“Joe Arridy” by Joseph Fasano

Joseph Fasano


1915–1939—“young American man known for having been falsely accused, wrongfully convicted, and wrongfully executed for the 1936 murder of a fifteen-year-old girl in Pueblo, Colorado … Arridy was severely mentally disabled and is believed to have made a false confession. He received a full and unconditional pardon seventy-two years after his death.”

This morning they took my train away.
I hear the birds
singing in the garden.
Why do they always have to sing?

I tell them Joe won’t die.
No one believes me.
They take my train away.
And the stupid birds keep singing.

They sit with me and tell me
to tell my story.
Tell what happened to the girls.
When I forget,

they tell me my story.
It’s like a game and it’s funny.
Like the time daddy
locked me in the garden shed

so he could visit with mom.
Visit means tickle
and it makes a strange sound.
A strange sound makes me alone and that’s bad.

They give me my train back.
The wood is so soft.
I soaked it in the toilet
so I can cut my name in there with my fingernail.

I cut the names of mom and daddy, too.
And Frank, who hurt the girls.
They told me if I tell them
I was Frank when he hurt them

I could see the new kitten.
Now he’s on my train. Now he’s me. 
Now the moon shines on the floor
like the milk I got in trouble for

and that’s bad.
I try to clean it up but it’s not real.
I try to tell them
I’ll clean up what I did but they say it’s real.

The new kitten is nice.
She has a white tail and the warden’s wife
holds her when I stroke her.
She says things to me in kitten

and that’s not bad.
A lot of things are not bad.
Like the sun and the moon.
And the stars. Really the stars.

I saw them once from that great big train
in Wyoming
and that was not bad.
I can still close my eyes and see them sometimes a little bit always.

I remember mom’s pearls
when she tucked me in and I was sick.
I told her they were like the stars.
She said that’s nice Joe be quiet go back to sleep always so I did and I will and I do.

I think probably
if I think about it
and I do think about it
I’ve been asleep a long time maybe forever a little bit always.

Maybe when the warden touches me
it hurts because it hurts to be asleep.
Maybe everyone else is awake
and that’s bad.

Ice cream in the morning is not bad.
Ice cream in the morning is very good.
I tell them Joe won’t die and
that’s good. They say

that’s good, that’s good,
and they smile so it must be true.
Last night
the warden’s wife let me hold the kitten

on my own.
She cried when I held it so I don’t know why.
Then she said
it will be quick, Joe, you know that, don’t you?

I said oh yes everything is quick.
Your eyes are quick your lips are quick
your lipstick is quick your voice and your heartbeat too.
She smiled and smiled.

But probably she meant the kitten growing up a little.
Things grow up so quick
mom always says and some things
don’t last forever.

Daddy threw her clothes in the yard sometimes a lot
and I had to go get them.
It was like picking up pieces of the moon I don’t know.
But it was like that. It was like that all the time.

Why are you sad Mrs. Warden.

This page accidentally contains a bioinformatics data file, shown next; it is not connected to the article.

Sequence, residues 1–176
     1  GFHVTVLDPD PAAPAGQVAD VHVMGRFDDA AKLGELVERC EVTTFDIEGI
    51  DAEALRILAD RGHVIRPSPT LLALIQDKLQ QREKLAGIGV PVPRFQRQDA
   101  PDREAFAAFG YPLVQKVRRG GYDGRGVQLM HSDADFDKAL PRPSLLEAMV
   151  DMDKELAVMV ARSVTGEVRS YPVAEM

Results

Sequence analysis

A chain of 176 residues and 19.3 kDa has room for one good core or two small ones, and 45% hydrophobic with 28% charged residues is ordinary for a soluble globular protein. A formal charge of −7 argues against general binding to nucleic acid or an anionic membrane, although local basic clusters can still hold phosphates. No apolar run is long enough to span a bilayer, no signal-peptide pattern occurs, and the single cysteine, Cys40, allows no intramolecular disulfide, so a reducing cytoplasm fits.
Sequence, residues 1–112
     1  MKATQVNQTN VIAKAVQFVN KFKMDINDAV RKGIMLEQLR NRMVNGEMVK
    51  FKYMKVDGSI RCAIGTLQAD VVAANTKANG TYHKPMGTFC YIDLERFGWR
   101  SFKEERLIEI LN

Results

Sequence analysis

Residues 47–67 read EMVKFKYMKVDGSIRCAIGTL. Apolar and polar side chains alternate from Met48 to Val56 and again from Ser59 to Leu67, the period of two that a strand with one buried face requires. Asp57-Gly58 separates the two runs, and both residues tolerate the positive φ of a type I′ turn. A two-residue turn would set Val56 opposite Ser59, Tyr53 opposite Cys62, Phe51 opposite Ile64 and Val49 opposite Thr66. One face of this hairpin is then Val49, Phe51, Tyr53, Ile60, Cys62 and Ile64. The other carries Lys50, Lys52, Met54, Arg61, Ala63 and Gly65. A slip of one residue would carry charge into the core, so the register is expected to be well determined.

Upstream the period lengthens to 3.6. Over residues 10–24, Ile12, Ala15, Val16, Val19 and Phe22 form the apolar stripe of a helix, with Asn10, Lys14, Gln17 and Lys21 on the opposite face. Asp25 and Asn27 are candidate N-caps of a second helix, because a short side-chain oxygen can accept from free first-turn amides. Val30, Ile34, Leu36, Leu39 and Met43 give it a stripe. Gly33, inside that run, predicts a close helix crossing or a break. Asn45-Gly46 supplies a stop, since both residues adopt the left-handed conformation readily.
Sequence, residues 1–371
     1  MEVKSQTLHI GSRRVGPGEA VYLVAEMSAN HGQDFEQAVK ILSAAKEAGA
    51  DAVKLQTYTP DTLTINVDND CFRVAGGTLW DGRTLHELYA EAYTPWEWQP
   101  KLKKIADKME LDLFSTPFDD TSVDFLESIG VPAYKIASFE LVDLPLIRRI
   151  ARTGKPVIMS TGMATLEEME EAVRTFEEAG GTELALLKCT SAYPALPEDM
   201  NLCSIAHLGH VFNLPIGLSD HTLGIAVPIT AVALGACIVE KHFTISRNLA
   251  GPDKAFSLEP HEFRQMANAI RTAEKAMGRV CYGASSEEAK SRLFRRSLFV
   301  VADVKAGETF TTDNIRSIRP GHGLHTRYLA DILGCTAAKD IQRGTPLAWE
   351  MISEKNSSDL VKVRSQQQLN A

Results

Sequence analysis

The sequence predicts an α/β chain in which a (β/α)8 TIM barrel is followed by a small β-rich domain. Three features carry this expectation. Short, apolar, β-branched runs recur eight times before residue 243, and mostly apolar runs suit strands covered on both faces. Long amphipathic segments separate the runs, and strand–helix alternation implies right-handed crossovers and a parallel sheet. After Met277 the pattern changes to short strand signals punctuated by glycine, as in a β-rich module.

Why are you sad Ms. Kitten.
Why are you sad Mr. Milk.
Why are you sad Master Moon.

They say my name will last forever
and I say that’s good and they say
no that’s bad. So I don’t know.
Maybe there’s nothing to be sad about maybe sometimes a little bit always.

I have a picture of mom and daddy
that’s made up so no one can take it away.
I keep it in the pocket of my striped shirt over
my heart and that’s good. That’s very good.

They tell me the time is one hour to go.
But to go where 
no one will tell me. 
They take my ice cream away. They take

my train away. They take 
all the names on it away and my picture
in my pocket and also the kitten which is bad.
I think if she could talk 

she would tell me I don’t have to be sorry.
But I am sorry. 
I’m sorry I ever hurt those girls
even if I didn’t hurt them ever

because when you’re sorry then a thing didn’t happen.
I don’t want that thing to happen.
I don’t want any thing to happen.
Can I tell you something else 

if you really want to know
I’m a little bit scared sometimes always
but then the warden comes and holds my hand and that’s good.
I think he’s coming to hold it again now.

I hear the birds singing. I hear
the sun and the moon and my train
falling down the stairs. 
I hear the kitten talking in the dark

and her voice won’t always be like that because
things grow up so quick you hardly know them anymore.
And the birds stop singing.
And the moon stops spilling.

And my name is famous I am 
very famous and the birds sing and the moon spills
and the Man comes with the black mask to talk to me maybe
about the kitten.

It won’t be quick, he says. It won’t be quick.
But I know that. 
I know. 
Why do people tell each other’s stories?

from Rattle #73, Fall 2021


Joseph Fasano: “I rarely remark on one of my own poems, but it occurs to me to say that ‘Joe Arridy’—which at first glance may appear a rather unusual poem, in a rather unusual voice—makes its way toward a question, in its final line, that attempts to recover the humanity in our current cultural conversations about the appropriateness of attempting to inhabit someone else’s voice. It is indeed a nearly impossible act, indeed often a kind of transgression, but it is precisely that crossing over into the lives of others by which we live.” (web)

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